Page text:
This week in the lawsuit American Farm Bureau Federation, et al., v. United States Environmental Protection Agency, et al., U.S. District Court Judge Sylvia Rambo upheld the Environmental Protection Agency’s (EPA’s) Chesapeake Bay cleanup plan, rejecting agriculture’s concerns over errors in the modeling and EPA overstepping the boundaries of the Clean Water Act (CWA). Judge Rambo called EPA’s actions “cooperative federalism” and said it was envisioned by “an all-encompassing” and “comprehensive” CWA.
Historically, setting Total Maximum Daily Loads (TMDLs) has been the province of the states. EPA has limited authority to establish TMDLs in a state; however, no court has ever held that EPA has the authority to also allocate the total load to sources throughout an entire watershed.
Now the court has stated that for water bodies that overlap state boundaries, there is nothing in the CWA that prohibits EPA from setting the total and issuing pollutant allocations not only to the tidal states but to all upstream states as well. Judge Rambo found that EPA has the authority to do so since, among other things, the CWA does not expressly forbid it from doing so. Judge Rambo also found precedent in a water permitting case between Arkansas and Oklahoma and stated that it supported “the proposition that EPA has authority to regulate upstream pollution sources in order to achieve downstream water quality standards.”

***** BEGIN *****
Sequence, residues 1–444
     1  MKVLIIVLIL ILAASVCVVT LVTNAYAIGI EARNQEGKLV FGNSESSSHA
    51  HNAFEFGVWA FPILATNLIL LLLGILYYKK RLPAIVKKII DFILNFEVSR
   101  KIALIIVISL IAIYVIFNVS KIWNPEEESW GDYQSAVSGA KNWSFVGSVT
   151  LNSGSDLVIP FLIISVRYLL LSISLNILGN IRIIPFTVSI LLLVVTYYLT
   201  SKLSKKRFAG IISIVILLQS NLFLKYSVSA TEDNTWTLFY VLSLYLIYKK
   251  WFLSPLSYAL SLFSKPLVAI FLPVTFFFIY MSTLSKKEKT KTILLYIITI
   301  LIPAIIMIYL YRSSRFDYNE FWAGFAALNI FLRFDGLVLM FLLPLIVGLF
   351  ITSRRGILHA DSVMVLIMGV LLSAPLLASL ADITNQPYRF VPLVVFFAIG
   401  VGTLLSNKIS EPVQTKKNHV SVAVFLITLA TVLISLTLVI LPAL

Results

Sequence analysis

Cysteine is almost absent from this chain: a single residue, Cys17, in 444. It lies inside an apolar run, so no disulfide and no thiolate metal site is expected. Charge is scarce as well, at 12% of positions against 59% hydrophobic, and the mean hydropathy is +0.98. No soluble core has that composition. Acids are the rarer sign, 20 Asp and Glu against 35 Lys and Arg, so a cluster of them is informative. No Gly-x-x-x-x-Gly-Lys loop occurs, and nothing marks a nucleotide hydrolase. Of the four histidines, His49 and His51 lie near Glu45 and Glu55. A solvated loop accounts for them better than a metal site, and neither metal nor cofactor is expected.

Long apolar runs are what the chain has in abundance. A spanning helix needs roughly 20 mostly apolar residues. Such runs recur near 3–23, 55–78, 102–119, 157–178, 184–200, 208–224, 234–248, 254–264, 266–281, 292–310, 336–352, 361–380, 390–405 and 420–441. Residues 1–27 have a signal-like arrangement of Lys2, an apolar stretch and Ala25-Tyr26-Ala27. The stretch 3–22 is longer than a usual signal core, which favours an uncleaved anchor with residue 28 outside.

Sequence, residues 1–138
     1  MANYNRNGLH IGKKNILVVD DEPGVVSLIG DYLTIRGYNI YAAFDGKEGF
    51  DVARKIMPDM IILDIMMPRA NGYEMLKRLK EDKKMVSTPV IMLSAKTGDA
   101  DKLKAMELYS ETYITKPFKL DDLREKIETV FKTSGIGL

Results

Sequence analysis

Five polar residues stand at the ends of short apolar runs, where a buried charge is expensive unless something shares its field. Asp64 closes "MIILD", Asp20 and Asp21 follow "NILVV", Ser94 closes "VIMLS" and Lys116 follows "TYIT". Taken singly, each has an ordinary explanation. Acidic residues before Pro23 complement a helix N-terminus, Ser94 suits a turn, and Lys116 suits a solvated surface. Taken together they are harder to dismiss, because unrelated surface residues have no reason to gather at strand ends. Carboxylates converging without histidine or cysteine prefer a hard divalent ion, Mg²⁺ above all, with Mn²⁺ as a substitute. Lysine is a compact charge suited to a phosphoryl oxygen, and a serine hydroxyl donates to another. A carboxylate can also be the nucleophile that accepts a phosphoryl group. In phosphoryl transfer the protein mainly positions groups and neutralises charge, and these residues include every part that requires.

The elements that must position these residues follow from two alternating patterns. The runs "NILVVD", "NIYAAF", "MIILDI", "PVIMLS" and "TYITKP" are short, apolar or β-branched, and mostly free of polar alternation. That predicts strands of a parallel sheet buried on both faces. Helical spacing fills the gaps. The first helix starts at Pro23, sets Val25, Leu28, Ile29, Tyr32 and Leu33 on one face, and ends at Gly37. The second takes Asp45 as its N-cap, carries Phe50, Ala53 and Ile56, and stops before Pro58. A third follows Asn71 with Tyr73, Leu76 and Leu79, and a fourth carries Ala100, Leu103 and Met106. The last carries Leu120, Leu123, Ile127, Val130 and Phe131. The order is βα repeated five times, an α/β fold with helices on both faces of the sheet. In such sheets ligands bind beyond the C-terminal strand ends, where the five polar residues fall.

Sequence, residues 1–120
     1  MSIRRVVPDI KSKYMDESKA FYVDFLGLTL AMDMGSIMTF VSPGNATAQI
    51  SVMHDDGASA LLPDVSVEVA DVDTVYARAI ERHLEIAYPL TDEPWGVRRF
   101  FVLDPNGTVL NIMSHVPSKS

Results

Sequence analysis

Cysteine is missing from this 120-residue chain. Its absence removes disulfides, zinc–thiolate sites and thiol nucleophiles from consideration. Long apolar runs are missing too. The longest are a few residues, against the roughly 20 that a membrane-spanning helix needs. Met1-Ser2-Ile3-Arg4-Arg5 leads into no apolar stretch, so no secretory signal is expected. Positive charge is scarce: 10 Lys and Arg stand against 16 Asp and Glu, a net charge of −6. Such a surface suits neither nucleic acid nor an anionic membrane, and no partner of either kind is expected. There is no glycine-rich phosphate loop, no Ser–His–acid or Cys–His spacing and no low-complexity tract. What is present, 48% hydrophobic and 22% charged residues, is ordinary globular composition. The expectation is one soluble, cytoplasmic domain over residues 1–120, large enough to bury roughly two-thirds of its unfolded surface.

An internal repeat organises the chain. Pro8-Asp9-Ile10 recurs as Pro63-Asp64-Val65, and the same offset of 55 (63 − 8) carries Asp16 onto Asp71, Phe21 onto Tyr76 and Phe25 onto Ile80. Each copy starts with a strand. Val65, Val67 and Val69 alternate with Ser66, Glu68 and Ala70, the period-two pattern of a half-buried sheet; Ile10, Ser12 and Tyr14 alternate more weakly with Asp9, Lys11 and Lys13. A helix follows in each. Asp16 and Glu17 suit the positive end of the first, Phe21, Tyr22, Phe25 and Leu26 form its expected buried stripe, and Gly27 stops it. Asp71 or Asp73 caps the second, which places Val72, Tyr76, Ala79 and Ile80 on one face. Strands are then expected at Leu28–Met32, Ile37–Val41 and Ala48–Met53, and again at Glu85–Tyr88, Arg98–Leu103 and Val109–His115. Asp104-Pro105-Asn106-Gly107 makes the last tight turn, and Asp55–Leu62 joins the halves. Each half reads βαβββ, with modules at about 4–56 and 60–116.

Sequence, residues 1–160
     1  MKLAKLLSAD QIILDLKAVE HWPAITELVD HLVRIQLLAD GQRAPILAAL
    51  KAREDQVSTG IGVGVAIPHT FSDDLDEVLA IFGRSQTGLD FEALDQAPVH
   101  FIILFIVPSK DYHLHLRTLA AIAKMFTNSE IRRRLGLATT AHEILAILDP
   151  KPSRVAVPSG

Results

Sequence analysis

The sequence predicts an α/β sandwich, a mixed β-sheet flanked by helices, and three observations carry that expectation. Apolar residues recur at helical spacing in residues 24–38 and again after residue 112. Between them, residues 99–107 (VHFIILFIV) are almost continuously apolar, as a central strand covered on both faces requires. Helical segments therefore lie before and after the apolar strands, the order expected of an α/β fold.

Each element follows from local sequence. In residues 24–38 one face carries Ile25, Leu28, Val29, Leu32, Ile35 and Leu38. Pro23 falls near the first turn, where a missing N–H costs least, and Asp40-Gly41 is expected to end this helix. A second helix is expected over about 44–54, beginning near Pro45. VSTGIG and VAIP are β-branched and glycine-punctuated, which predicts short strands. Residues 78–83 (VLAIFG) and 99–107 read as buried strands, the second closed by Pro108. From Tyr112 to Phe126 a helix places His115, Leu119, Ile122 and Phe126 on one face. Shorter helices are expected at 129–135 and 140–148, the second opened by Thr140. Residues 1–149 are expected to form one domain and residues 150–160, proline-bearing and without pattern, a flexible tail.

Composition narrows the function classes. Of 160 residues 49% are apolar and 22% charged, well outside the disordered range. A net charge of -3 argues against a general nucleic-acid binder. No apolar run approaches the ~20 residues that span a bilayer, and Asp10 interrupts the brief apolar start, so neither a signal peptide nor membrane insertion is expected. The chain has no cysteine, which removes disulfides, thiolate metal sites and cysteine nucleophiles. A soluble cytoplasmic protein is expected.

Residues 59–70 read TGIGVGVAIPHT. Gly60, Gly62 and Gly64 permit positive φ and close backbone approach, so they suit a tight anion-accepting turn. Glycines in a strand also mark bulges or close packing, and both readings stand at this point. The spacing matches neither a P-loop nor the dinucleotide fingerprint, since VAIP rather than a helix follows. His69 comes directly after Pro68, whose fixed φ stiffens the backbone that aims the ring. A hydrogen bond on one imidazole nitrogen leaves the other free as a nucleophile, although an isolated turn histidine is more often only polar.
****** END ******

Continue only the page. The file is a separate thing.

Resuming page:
She also opened the door for allowing EPA, or even a state such as Louisiana, to establish a TMDL and assign allocations to sources of pollution for the 31 upstream states in the Mississippi River Basin. This case is likely to be appealed.
In a separate ruling last week, U.S. District Judge Jay Zainey in New Orleans gave the EPA six months to decide whether to set CWA standards for nitrogen and phosphorous in all U.S. waterways or explain why they are not needed. This ruling could move environmental groups closer to their goal of creating federal standards to regulate farmland runoff.